After 15 years of a long break since the release of Suspended Animation, here we are talking about the new album by John Petrucci; Terminal Velocity. John collaborated with two legendary musicians on this album, Mike Portnoy (Ex-Dream Theater, Transatlantic, Winery Dogs, Sons Of Apollo) on drums, and Dave LaRue (Dixie Dregs, Flying Colors) on bass.
John Petrucci is one of my all-time heroes with his musicianship, personality, and innovative thinking. My semi-professional musical career started with my discovery of Metallica when I was in the fifth grade. And it was Dream Theater who opened another big window in my perspective, understanding of music and changed my life forever. I am here today, still making music, writing about music, and working in the music industry thanks to them. I grew up listening to Dream Theater, watching their live materials such as Metropolis 2000: Scenes From New York, practicing on guitar while watching Rock Discipline, etc. I remember selling my Ltd Explorer guitar and buying an Ibanez in high school only because I was so inspired by John. He has always been an example of a true artist, a mentor, and a guide for me since then and surely made me a better guitar player. The early Dream Theater period when Mike Portnoy, John Petrucci, Kevin Moore, and John Myung were together will always be the ultimate Dream Theater period for me. It probably was about their overall feeling, the excitement they were channeling through their music at that time. They were young, passionate, playing like no one else can, making phenomenal music, and looking much more badass (especially Mike Portnoy, with his long hair and old-school thrash metal tank tops on Lie music video).
I have been making music for a long time, and I believe in the crucial role of that special energy and understanding when you are playing together with your true partner. They say playing together with the right band member is like having the chemistry with your woman in bed. That chemistry, which makes a gigantic difference, also exists between musicians. And I am fascinated to see my all-time favorite heroes Mike Portnoy and John Petrucci playing together since Mike’s departure from Dream Theater on September 8th, 2010.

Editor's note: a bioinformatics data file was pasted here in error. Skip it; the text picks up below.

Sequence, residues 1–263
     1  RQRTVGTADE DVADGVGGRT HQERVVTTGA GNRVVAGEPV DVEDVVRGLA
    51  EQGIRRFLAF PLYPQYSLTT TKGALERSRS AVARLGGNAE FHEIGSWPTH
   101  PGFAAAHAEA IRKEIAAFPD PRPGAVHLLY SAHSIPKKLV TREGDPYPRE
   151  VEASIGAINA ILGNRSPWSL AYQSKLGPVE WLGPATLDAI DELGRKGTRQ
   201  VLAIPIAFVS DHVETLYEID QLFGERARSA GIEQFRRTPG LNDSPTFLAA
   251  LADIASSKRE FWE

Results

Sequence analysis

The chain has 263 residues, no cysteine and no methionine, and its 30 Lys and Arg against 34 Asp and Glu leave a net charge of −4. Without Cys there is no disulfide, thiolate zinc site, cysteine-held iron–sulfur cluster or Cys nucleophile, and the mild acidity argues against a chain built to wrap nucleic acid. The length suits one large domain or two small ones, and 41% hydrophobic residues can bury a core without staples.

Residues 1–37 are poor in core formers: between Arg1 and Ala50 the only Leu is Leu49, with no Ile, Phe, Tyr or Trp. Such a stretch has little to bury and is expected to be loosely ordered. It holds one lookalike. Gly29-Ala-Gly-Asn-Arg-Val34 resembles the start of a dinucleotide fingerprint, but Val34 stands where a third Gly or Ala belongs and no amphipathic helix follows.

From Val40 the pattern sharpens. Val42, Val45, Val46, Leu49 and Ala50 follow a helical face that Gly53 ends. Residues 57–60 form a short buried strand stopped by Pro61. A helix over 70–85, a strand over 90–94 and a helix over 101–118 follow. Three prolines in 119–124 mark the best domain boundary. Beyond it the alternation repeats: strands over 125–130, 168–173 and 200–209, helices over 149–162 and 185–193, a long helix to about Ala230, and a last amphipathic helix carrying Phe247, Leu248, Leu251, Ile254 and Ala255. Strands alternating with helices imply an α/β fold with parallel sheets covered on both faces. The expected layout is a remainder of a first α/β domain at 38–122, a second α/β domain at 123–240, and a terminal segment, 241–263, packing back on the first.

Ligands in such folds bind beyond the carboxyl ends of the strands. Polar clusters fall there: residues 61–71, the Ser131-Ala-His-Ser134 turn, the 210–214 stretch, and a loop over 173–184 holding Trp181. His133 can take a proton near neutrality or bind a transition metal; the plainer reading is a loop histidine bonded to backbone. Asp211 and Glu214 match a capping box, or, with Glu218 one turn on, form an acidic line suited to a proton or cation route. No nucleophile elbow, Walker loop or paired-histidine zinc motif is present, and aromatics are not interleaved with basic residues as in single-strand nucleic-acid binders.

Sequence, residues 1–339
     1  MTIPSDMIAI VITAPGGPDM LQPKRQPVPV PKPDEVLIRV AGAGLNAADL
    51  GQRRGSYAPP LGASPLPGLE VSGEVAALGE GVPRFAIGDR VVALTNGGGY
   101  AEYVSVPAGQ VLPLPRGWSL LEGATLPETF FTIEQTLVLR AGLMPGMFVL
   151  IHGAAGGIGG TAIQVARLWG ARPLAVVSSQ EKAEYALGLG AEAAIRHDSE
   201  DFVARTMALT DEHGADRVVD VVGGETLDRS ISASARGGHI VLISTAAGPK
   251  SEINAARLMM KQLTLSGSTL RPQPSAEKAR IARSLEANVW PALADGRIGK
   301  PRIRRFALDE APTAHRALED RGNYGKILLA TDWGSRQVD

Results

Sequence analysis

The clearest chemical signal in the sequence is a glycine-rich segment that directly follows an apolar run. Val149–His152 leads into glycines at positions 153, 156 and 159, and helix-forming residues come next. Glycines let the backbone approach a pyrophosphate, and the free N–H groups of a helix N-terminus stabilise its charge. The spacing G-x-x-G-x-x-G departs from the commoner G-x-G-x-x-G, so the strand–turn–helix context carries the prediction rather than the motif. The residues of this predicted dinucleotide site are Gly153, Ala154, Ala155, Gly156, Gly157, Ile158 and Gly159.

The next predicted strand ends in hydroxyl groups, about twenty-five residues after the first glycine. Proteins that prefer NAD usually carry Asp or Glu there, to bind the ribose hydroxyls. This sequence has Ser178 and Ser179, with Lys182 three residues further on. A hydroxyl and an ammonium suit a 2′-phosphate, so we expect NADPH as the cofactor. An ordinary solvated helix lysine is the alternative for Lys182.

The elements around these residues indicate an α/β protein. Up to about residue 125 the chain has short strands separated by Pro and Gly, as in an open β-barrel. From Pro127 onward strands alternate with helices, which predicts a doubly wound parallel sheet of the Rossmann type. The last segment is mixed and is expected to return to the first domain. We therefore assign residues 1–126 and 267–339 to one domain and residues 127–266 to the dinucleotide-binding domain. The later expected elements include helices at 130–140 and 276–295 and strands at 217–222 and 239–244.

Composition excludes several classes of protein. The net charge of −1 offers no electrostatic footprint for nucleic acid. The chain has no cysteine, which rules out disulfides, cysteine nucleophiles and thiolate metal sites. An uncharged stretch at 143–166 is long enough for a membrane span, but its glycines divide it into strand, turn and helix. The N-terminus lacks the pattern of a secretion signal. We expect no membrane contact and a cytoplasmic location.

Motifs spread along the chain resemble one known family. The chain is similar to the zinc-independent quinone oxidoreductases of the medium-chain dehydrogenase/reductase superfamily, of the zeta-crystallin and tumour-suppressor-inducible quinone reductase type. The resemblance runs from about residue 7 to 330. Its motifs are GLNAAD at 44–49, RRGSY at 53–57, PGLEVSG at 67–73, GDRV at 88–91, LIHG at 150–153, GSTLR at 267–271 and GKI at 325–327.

Terminal Velocity is a phenomenal album with nine super progressive songs where John Petrucci experimented and blended many different ideas from early-prog, modern-prog, blues, traditional rock, flamenco/Spanish guitar, and country-rock music. The general mood of the album is quite positive, in other words, happy. In his interview with Ola Englund, John also mentioned that he wanted to give positive, happy vibes to people through his music, especially during these difficult times. Before watching the full interview session, I also thought that this positivity thing had become one of John’s characteristics. He has a well-earned and well-deserved happy life, and this naturally reflects to his music.
My favorite song of the album is the fourth track, GEMINI, mostly because of its diversity. It has old-school progressive rock elements as well as technical and some old school Dream Theater vibes. When I listened to Gemini for the first time, it immediately reminded me of some parts from my favorite Dream Theater songs such as Change of Seasons, Voices, and Erotomania. Also, John has his special part where he melts every single listener with his beautiful melodic solo as he usually does. He is one of the greatest guitarists in history, but his melodic and emotional side is what makes him “the best.” Also, the idea of adding some Spanish Guitar/Flamenco elements made everything richer. Gemini’s structure was the clearest in my mind after listening to the whole album a few times on repeat. I loved the collectiveness of instruments a lot. It is very dynamic but emotional at the same time, a bit more minor compared to other songs, more powerful sounding sections (intro and outro), and of course, the beauty of John’s soul where he played that beautiful solo (1:47).
Another thing that caught my attention throughout the album was, of course, the harmony of John and Mike. They took me back to my childhood, brought back so many memories from those beautiful days. Many sections reminded me of Six Degrees of Inner Turbulence and Metropolis, Pt.2: Scenes from a Memory albums. Sometimes, it was the overall vibe/feeling, sometimes the riffage, pattern, energy, and song’s traffic. That beautiful nostalgia is on every second of this album, which immediately grows a stronger connection in you.